If You’re Going to Read One Book In October, Make It This One

published Oct 10, 2022
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Boo! Did I scare you? No? Well, one of these new October reads just might. Of course, not all of them are about things that go bump in the night, but you’ll still find plenty of thrills — whether they be chilling or gut-wrenching. 

Take The Storyteller’s Death” by Ann Dávila Cardinal, for example. This delightful debut is both haunting and touching. In it, you follow Isla, a Puerto Rican teenager who finds she has an odd skill: When someone in her family dies, she is transported into a vision from their past. “The Storyteller’s Death,” drenched in magic and woven together with a string of generations-old secrets, makes for a rich, compelling tale perfect for spooky season. With the turn of each page, you peel back more layers of Isa’s history while discovering more of Cardinal’s masterful storytelling. “The Storyteller’s Death” is a must-add to your October reading list.

A few other October releases for your consideration:

A finalist in the 2022 National Book Awards for Translated Literature, “Seven Empty Houses,” originally published in Spanish, is a collection of seven short stories that itch and bite yet prove to be addicting. But, beware, the houses in these stories aren’t as empty as they first appear. 

Those who watched the TV sitcom “Fresh Off the Boat” or the book-to-movie film hit “Crazy Rich Asians” will most likely recognize the name Constance Wu. Those breakout roles catapulted her into the stoplight, but before that, Wu was just a young suburban Richmond. Va., girl told that her feelings were too big. Her memoir-in-essays, “Making a Scene,” shares her journey — one filled with love and heartbreak, sexual assault and harassment — from that scolded little girl to Golden Globe Award-nominated star with both humor and earnestness. Readers also get a peek into life as an Asian-American in an entertainment industry where diverse representation is extremely limited.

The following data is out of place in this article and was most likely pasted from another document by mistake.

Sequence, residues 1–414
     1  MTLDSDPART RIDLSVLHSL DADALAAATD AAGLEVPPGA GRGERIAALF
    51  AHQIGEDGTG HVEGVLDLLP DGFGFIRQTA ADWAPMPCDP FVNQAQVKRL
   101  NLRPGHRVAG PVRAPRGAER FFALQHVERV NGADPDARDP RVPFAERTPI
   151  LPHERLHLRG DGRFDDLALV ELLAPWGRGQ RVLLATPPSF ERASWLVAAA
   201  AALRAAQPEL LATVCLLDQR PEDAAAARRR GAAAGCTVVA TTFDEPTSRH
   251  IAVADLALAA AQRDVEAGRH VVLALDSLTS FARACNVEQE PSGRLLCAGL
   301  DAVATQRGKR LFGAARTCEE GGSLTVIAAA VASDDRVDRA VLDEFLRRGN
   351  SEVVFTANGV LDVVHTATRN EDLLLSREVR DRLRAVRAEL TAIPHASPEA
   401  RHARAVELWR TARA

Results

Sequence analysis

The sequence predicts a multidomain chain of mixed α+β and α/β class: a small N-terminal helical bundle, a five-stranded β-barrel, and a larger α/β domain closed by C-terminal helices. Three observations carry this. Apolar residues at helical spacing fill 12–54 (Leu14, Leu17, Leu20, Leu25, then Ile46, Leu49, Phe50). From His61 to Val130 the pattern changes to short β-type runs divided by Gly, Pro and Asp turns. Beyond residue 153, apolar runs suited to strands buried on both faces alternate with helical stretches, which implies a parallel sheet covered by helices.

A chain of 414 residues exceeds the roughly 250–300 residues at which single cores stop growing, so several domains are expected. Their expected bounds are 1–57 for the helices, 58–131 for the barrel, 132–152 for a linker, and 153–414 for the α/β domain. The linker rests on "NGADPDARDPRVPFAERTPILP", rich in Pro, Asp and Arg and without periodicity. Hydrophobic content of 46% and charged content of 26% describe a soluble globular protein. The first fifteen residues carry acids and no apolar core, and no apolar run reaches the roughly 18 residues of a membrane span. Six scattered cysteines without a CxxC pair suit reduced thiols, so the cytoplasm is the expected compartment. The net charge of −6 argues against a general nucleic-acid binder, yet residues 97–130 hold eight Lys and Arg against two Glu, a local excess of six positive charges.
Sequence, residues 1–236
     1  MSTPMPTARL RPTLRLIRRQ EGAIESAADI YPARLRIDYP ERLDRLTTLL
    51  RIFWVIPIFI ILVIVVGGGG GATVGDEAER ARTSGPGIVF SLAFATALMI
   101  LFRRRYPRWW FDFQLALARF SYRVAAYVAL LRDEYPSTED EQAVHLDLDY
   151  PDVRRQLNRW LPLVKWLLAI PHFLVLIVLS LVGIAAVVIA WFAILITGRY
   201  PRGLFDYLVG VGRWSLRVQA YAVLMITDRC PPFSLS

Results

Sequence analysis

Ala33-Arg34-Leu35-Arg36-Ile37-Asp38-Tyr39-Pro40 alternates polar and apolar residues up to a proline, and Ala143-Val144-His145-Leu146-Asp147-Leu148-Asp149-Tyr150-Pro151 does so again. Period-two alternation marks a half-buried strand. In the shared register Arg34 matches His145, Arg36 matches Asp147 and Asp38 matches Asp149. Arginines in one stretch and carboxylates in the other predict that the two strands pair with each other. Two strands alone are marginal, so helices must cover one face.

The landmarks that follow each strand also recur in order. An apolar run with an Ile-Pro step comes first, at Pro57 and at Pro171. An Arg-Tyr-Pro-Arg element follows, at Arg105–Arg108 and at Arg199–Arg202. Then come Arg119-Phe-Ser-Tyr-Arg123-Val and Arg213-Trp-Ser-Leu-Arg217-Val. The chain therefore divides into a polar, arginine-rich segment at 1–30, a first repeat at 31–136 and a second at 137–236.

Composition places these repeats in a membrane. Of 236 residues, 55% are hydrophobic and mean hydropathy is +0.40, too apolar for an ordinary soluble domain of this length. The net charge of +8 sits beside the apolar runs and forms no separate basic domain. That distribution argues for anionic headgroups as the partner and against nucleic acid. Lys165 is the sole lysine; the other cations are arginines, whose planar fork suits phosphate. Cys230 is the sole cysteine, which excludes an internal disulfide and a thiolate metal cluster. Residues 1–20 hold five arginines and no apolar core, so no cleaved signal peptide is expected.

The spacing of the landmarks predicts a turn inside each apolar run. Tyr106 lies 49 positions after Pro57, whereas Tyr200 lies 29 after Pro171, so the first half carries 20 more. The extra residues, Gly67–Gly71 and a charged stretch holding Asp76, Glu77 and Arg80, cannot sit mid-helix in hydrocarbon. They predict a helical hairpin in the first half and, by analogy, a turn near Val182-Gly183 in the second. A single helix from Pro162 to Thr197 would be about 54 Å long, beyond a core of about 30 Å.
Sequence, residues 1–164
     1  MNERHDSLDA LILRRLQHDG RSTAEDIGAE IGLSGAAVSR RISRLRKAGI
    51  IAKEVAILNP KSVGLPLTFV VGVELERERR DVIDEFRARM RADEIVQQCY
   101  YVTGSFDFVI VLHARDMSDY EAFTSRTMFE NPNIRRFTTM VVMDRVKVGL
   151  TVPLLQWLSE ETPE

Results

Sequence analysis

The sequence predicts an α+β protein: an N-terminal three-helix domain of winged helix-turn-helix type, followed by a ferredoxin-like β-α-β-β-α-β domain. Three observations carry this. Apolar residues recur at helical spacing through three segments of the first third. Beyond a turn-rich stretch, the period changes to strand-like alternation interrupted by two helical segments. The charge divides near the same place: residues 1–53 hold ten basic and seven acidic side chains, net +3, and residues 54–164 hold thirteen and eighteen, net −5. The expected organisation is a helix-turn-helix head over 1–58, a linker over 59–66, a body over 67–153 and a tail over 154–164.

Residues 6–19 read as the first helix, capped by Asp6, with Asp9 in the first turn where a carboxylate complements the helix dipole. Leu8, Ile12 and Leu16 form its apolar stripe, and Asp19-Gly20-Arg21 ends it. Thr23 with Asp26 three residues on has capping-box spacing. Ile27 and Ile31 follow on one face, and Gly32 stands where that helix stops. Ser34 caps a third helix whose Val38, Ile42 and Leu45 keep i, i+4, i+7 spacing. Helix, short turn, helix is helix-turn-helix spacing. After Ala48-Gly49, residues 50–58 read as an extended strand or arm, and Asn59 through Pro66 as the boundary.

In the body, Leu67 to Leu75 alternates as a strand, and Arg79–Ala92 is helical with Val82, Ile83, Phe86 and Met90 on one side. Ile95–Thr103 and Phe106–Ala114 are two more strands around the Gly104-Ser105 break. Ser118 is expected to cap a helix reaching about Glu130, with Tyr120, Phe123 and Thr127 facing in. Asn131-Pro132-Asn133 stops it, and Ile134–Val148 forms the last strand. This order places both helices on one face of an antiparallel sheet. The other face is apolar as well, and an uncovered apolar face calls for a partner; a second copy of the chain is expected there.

Claudia Lux’s debut “Sign Here” literally takes you to Hell. Protagonist Peyote Trip, who works in the deals department in Hell, discovers a wealthy, secretive family back on Earth who has the power to make his next promotion. That is, if he can get just one of them to sign their soul away. A wild, dark tale, “Sign Here” perfectly combines “The Good Place’s” absurdist take on the afterlife as a workplace, with the suspense, family secrets, and New England wealth of Revenge.

From the author of “Last Night at the Telegraph Club” comes another sweeping queer coming-of-age story. It’s summer 2013, and Aria Tang West is sent to California to stay with her grandmother, artist Joan West. After dreaming about a summer in Martha’s Vineyard with her friends, this situation pales in comparison — until Aria comes across her grandmother’s gardener, Steph. Expect love to swirl in this touching young adult novel.

On the surface, Erin E. Adams’s “Jackal” is a horror/thriller narrated by Liz Rocher, a 32-year-old Black woman who returns to her rust-belt hometown to attend her best friend’s wedding. The normally joyous event turns dark, however, when the husband- and wife-to-be’s 9-year-old daughter, Caroline, goes missing. Underneath the crime tale is a commentary on racism, inequality, and the violence and fear born from hatred; an excellent choice for fans of Black horror tales like “Get Out” and “When No One Was Watching.” 

One Goodreads review said it best: “[A] vibe somewhere between ‘1984’ and ‘The Hunger Games.’ It’s the story of the fall of a dystopian surveillance state from the point of view of someone who had grown up pampered by the system — only to find out that life wasn’t so great for everyone else in their world.”